TENAFLY - A New Jersey community has been brought together over a crisis happening thousands of miles away.

Hundreds gathered in Tenafly Thursday in support of the kidnapped Nigerian school girls, but are also supporting one of their own.

Khuraira Musa has had a firsthand look at the crisis in Nigeria involving the missing girls. She founded a school in northern Nigeria and tried to visit recently, but was barred from traveling to the area due to efforts to find Boko Haram, the group that has taken credit for kidnapping hundreds of school children.

Musa returned home to her work as a makeup artist, but with one client the conversation turned to the girls, and Musa broke down, realizing the plight of the girls reaches beyond the borders of Nigeria. "I was a 16-year-old girl getting her makeup done, when there were these girls in Nigeria and we don't know where they are and we don't know what's happening to them," says Kianna Luscher.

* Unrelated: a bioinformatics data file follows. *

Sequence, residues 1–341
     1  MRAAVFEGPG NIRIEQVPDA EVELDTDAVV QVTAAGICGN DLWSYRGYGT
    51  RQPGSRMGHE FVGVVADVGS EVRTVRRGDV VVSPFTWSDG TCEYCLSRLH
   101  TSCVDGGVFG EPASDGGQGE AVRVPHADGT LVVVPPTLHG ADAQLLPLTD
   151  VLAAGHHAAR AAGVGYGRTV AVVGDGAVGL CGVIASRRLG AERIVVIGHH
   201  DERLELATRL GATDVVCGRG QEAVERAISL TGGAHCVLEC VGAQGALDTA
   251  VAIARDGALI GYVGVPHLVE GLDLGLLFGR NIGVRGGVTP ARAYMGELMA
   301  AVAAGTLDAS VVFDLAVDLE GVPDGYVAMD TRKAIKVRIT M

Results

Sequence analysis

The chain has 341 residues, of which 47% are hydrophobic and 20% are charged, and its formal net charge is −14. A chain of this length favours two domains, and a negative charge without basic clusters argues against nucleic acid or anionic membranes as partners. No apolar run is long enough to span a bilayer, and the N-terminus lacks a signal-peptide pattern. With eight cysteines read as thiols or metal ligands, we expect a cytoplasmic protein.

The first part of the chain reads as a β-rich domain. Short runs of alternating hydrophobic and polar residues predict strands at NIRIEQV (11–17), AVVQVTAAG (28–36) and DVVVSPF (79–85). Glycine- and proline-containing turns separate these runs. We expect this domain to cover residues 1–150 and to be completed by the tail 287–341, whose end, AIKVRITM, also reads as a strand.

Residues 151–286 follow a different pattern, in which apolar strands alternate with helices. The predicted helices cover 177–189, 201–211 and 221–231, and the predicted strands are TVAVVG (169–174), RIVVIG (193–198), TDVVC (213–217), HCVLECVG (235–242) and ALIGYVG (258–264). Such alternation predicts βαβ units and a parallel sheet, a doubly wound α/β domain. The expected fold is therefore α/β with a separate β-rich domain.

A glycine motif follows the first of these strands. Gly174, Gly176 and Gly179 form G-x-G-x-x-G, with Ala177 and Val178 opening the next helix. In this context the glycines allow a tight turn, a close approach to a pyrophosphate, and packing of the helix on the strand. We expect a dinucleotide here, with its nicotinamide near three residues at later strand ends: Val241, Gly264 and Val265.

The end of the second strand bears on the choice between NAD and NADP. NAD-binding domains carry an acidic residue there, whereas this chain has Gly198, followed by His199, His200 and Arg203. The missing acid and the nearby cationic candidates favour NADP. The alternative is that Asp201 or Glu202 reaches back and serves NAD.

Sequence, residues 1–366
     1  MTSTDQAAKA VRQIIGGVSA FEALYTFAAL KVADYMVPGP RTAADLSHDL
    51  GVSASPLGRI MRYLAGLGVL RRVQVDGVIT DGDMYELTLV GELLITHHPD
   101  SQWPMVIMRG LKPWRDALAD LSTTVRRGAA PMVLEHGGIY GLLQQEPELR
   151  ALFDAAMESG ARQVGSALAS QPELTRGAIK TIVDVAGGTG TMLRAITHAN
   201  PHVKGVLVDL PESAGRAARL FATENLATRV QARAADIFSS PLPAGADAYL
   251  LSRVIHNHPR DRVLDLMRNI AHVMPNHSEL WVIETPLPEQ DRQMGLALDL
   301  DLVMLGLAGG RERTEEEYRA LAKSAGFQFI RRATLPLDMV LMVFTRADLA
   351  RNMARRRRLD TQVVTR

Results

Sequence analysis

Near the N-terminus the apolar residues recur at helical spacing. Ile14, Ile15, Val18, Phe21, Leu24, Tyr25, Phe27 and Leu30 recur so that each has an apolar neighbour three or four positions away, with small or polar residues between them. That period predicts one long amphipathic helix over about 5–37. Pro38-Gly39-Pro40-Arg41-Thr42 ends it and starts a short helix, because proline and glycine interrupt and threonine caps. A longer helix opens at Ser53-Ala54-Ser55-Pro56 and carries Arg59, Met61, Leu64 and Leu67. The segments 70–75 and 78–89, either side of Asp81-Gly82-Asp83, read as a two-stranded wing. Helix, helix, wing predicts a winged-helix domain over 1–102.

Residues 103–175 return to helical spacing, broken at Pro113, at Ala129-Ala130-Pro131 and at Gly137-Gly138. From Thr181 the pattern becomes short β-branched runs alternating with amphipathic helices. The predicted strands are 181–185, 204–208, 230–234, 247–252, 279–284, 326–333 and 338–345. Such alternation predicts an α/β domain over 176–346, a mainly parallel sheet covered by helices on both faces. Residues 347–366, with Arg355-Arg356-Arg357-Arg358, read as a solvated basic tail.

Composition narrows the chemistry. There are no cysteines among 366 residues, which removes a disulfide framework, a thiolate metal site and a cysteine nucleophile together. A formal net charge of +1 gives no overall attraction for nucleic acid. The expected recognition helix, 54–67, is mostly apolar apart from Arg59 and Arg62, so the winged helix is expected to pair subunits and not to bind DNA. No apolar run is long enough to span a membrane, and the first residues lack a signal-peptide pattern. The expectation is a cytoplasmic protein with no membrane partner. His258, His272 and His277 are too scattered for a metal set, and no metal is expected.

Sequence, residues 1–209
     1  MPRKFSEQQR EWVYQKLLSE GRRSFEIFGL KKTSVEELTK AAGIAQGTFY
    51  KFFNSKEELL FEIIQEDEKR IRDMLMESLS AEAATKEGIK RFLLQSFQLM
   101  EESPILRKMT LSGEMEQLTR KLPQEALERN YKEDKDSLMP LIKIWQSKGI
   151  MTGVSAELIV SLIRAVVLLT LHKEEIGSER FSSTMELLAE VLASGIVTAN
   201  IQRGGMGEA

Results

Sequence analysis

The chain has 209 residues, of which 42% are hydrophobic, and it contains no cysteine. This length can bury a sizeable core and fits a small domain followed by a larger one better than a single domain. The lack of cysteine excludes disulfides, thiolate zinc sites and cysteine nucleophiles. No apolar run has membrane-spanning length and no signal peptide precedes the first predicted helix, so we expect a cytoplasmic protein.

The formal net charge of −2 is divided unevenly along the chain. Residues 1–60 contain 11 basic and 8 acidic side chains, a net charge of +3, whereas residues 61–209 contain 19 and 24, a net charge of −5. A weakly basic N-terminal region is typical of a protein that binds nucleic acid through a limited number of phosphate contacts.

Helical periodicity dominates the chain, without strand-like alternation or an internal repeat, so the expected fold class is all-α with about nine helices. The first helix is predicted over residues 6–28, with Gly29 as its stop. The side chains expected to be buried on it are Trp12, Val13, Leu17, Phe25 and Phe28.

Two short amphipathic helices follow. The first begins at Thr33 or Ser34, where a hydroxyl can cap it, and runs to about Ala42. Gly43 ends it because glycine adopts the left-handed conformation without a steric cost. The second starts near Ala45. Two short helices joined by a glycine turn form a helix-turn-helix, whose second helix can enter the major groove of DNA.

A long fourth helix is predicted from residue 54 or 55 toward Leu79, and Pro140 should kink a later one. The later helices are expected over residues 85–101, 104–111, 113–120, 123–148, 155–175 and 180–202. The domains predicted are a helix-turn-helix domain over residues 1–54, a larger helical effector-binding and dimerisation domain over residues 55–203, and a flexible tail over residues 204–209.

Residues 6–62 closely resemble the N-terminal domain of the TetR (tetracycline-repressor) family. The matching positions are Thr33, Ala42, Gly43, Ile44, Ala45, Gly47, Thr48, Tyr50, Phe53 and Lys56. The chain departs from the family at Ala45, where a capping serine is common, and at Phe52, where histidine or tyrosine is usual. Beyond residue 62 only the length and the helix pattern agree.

Kianna and Musa's other clients rallied around the Muslim business owner.

It's a crisis a world away but one that everyone here wants to connect to. "I am so proud that we can be upstanders and not bystanders," says Sheryl Sarnak.

Musa says she is still committed to her school, where she donates a good segment of her earnings.